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PGP and SQL server

Posted on 2014-08-11
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Dear all,

right now I have a project that I expected to use PGP encryption with MS SQL, I didn't heard about that before.

Any one can suggest the relationship between PGP and MS SQL?
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Question by:marrowyung
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by:John Easton
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I assume the data being used is somewhat private.  Therefore I would expect the data would be encrypted (using a PGP key) before saving to the database, and then decrypted in order to display the data.

This would prevent anyone who manages to hack the database server from being able to read the data.
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by:Dave Howe
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It seems an odd combo.

PGP is largely associated with email traffic or encrypting files; MS SQL has its own crypto subsystem (which is even FIPS!) for encryption of column data, so using PGP for data encryption would be unusual; if nothing else, it would be massive overkill - PGP is distinguished from openssl or less formalized solutions by its support for identity verification - in this case, the "Web of Trust" - and a DB solution would be unlikely to benefit from that.
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by:marrowyung
ID: 40253573
"PGP is largely associated with email traffic or encrypting files; MS SQL has its own crypto subsystem (which is even FIPS!) for encryption of column data, so using PGP for data encryption would be unusual;"

I am thinking about that too! SQL sever can use TDE for example, PGP can be use for web site login page, right?

Any use for ETL and data warehousing ?

please explain "Web of Trust"
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Dave Howe earned 1600 total points
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No, PGP can't be used for website logins, can't be used for very much really (it is quite good, but has a very tightly restricted problem domain)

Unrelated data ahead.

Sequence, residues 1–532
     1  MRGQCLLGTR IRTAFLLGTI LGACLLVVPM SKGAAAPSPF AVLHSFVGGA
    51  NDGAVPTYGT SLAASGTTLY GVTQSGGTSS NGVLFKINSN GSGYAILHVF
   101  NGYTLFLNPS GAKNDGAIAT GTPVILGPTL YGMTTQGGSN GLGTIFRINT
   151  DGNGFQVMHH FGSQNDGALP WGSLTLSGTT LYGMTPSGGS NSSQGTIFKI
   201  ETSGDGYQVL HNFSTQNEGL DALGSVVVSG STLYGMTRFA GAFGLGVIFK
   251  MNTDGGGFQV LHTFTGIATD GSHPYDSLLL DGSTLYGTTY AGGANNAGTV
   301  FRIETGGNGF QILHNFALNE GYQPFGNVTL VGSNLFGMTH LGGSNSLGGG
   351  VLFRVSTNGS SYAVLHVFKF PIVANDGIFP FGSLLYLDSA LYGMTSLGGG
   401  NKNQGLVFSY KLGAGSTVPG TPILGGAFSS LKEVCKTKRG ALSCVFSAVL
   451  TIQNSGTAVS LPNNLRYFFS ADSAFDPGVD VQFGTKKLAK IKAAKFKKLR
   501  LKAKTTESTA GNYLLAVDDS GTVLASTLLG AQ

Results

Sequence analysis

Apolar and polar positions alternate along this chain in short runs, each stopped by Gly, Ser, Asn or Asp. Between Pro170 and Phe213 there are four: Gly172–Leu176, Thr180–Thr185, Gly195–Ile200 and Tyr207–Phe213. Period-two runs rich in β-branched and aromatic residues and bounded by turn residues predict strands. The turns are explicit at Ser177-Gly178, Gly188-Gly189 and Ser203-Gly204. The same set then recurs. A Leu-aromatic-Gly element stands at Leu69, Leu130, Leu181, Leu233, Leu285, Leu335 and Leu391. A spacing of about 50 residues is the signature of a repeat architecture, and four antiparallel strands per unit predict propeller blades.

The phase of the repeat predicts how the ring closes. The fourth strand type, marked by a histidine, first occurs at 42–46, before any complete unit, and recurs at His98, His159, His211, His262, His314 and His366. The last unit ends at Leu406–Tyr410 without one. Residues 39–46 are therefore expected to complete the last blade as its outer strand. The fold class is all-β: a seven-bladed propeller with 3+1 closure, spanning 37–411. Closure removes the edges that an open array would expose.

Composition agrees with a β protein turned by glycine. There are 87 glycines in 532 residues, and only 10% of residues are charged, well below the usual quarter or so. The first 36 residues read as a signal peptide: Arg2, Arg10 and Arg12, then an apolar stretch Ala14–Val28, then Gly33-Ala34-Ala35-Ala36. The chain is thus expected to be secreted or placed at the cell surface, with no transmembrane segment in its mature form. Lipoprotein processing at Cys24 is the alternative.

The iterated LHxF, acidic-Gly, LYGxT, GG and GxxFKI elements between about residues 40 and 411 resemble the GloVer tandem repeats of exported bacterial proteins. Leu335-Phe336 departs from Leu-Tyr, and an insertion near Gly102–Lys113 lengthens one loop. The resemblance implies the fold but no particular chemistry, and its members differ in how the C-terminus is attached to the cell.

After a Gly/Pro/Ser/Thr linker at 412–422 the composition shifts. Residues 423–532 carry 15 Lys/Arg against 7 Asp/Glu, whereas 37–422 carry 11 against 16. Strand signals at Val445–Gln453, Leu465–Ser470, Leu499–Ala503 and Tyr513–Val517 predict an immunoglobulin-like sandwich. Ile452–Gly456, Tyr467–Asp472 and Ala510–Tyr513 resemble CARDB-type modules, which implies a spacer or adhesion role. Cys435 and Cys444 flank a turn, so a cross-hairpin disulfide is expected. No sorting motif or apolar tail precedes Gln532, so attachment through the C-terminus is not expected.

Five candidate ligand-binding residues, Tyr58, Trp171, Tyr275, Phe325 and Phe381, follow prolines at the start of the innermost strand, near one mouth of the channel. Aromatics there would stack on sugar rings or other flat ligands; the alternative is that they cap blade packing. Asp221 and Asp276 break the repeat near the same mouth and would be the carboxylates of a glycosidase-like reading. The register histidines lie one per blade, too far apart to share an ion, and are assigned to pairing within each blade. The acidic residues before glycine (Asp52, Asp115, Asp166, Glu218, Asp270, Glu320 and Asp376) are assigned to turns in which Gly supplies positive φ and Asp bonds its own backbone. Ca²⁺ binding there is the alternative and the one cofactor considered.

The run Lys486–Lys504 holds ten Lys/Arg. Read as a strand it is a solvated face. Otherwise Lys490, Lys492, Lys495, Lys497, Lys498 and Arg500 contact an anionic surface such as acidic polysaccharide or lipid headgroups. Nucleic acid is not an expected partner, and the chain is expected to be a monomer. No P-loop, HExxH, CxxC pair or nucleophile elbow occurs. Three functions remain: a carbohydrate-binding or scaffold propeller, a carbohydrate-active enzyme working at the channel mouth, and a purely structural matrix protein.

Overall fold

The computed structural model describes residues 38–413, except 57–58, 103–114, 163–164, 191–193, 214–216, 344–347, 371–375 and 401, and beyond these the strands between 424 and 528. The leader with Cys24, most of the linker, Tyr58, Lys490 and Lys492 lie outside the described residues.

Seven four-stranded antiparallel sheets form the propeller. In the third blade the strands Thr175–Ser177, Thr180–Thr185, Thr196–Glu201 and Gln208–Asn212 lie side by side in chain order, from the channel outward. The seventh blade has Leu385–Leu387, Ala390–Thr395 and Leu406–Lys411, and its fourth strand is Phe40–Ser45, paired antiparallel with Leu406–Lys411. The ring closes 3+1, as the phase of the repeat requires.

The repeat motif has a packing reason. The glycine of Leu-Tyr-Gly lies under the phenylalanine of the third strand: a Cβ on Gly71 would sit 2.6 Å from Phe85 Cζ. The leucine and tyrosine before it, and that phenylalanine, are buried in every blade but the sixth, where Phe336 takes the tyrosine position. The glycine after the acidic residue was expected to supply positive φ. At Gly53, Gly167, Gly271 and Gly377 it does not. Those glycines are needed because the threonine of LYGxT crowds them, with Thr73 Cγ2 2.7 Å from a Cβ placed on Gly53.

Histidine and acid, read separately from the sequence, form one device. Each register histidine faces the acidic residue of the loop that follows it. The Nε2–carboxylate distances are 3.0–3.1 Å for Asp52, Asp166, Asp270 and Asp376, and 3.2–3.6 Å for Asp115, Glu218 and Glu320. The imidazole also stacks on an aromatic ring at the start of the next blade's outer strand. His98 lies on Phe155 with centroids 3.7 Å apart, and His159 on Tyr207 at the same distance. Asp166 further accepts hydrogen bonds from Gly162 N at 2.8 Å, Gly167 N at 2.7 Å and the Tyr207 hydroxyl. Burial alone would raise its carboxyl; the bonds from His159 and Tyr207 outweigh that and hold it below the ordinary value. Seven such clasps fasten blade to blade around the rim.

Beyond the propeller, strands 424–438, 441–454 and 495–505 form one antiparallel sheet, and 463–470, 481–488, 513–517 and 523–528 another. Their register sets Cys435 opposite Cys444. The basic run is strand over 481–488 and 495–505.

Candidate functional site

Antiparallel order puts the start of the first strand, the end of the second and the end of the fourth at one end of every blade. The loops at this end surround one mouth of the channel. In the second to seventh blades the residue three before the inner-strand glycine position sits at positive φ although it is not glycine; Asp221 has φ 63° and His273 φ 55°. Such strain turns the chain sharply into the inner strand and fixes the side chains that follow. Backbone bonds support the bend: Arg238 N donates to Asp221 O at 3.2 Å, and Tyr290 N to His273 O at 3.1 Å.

Web of Trust is a more complex concept than X509 validation; when validating a key, the trusting application considers thresholds set by its administrator and counts up how many of the signatures on a currently untrusted key lead back to trusted keys.

While X509 has a much simpler concept (if the chain of signatures lead back to a root cert, then the current cert is considered to be valid proof of identity during its validity period), pgp will require a definable total of keys marked valid (either directly, or to a maximum depth away from a directly set keytrust) or a larger number marked partially valid (again, to a definable depth)

While X509 has the assertion "because a CA said so" PGP is more flexible in that it has the assertion "because 'n' people I trust said so"

In practice however, most of the time you assign trust yourself to PGP keys, having verified validity with its owner.
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by:marrowyung
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so really nothing to do with MS SQL !

ok one quick thing, any real use of that PGP?
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by:marrowyung
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any example of how to use PGP, any PGP application ?
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by:Dave Howe
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It is worth remembering that the GOAL of pgp encryption is to securely send data to another person; you CAN use it for local storage, but it is a poor solution for that.